These two old vinyl LPs – a double-LP set from folk song legend Guy Carawan – have weathered many moves in their lives with my family. The spines are shredded from that one cat that liked to sharpen her claws on our vinyl racks. The covers are bent, twisted, creased, and the records have been tucked into storage in a dusty closet forever while our turntable was broken. There are probably a few old spider corpses squished in the sleeve somewhere. Now they’re out and on my platter and they’re scratched, and skipping, and rough, but it’s there. The sound of my father, Louis Leger, as a young man, fiddling for all he’s worth, a glimpse of a side of my father I can never know, but of whom I’ve heard endless stories. The past made real, just for a moment, more real than the photographs I’ve seen, and more real than the stories I grew up with.
I grew up with cassette tapes, not vinyl. Sure, we had vinyl, but our turntable never worked and I had no idea how to use it. Even as a kid in the 80s, I knew that cassette tapes were crap. I could never remember which side the auto reverse would play when I stuck it in, and I could never find the song I wanted to listen to. It was all we had, but we knew it wasn’t great. When CDs came in, I was hooked. I’d haunt the record stores all across town, loving that “fnap, fnap, fnap, fnap” sound as you flipped through CDs like rifling through the old reference cards at the library. I never got into the iPod thing. Hell, I actually bought a Discman recently at the airport since I prefer to travel with stacks of CDs, so I can read the liner notes on the plane and write little reviews.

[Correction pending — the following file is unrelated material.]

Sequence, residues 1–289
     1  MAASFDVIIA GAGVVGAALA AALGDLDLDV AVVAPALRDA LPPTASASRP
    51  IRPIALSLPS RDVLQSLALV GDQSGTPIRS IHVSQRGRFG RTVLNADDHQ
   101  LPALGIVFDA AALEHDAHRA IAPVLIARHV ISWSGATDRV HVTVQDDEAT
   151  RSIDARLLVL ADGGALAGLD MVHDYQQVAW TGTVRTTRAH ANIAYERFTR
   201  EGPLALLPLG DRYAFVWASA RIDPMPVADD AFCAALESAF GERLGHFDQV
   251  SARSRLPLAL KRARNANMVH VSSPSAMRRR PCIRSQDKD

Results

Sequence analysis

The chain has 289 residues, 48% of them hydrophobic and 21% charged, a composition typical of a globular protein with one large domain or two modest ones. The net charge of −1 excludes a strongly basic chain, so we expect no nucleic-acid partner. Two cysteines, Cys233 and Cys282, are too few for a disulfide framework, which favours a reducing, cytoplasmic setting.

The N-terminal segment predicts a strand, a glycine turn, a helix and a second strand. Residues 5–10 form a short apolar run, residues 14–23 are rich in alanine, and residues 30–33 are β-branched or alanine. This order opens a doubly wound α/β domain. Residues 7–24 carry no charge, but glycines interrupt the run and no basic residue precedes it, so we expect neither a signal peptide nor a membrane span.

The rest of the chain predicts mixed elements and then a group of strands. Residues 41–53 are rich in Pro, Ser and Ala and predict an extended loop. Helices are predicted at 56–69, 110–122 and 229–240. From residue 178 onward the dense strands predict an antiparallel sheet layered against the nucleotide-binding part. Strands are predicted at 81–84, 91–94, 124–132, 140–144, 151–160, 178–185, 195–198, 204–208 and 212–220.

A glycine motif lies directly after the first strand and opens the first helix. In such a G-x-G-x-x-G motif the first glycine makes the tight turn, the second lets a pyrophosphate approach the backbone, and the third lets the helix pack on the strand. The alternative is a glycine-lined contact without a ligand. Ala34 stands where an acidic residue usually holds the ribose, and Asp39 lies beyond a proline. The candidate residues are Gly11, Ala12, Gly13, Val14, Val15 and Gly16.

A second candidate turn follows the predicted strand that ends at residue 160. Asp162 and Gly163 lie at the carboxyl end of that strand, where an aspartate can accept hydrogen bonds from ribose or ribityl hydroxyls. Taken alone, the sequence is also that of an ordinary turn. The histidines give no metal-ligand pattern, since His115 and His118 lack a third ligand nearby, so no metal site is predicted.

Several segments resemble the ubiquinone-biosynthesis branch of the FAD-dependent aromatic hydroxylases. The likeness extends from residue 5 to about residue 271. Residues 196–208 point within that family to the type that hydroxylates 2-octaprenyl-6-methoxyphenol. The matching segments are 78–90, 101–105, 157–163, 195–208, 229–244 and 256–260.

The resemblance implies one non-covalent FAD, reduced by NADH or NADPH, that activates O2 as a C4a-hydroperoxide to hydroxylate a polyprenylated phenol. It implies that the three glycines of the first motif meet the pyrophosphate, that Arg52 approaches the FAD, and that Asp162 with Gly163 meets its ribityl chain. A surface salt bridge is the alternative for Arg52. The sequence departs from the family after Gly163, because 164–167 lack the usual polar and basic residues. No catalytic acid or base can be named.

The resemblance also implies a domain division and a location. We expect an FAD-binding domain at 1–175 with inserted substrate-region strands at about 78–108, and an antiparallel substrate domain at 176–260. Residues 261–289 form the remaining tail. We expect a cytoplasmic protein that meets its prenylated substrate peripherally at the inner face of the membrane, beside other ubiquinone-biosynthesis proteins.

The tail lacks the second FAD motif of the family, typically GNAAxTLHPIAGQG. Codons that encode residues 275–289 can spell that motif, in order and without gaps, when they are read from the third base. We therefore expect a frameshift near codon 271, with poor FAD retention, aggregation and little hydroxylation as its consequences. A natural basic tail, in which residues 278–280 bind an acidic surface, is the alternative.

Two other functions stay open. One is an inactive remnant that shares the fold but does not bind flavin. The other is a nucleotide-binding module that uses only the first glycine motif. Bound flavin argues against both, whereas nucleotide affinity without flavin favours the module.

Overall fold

But the thrill is gone from CD collecting these days. Record stores are barren wastelands filled with overpriced CDs from archaic distributors that are never gonna sell. On the other hand, vinyl has seen an amazing resurgence. Most bands release their albums on vinyl as well as CD these days and there’s been a lot of reporting about the huge influx of vinyl for events like Record Store Day and how this has overloaded the few remaining vinyl plants in the US. What all this press fails to mention is that really the main reason vinyl came back was because younger music buyers were looking for something cheap, something a little more special than a CD bought off Amazon, something from the past that might still have meaning now. For me, buying vinyl got me back into collecting records after CDs became so lackluster. Here was the thrill of the hunt again, flipping my way through dusty record stores looking for obscure and lost folk records from the ’60s and ’70s. I found too that a lot of my older musician friends on social media remembered the records I was digging up, and even had cool stories about the recording of these records.
Thanks to No Depression, I’m starting up this weekly column, Vinyl Roots, to discuss some of the rare folk and roots vinyl I’ve been finding and to invite other folk music crate diggers to contribute as well. The point here is not for me to act as an expert on vinyl or vinyl collecting, just as an enthusiastic amateur looking to learn more and record some stories.
Back to that old Guy Carawan double LP, though. It was brought over from Germany by my father, who met my mother there. He was touring with his group, The Stringband, a popular American roots band on the European touring circuit, and he met my mother in the German town of Göttingen. Though The Stringband cut two albums, my father isn’t on either one, so the only recording I have of his fiddling (and spoons playing) is from the Guy Carawan recordings. Released in 1974 by Intercord Records, the first LP is titled Sitting On Top of the World, and features mainly old-time and folk songs. The second LP is Mountain Songs and features mining songs from Appalachia, including classics like Jean Ritchie’s “The L&N Don’t Stop Here Anymore,” “Black Lung Blues,” and “Black Waters.” Carawan’s voice is beautiful throughout, rich and sonorous, especially in tandem with his wife, Candy, and the music remains nestled in the Appalachian traditions he loved. Though some of the tracks from these LPs were released on later LPs in the US (Green Rocky Road), the LPs remain unreleased as a whole outside of these very, very rare German pressings.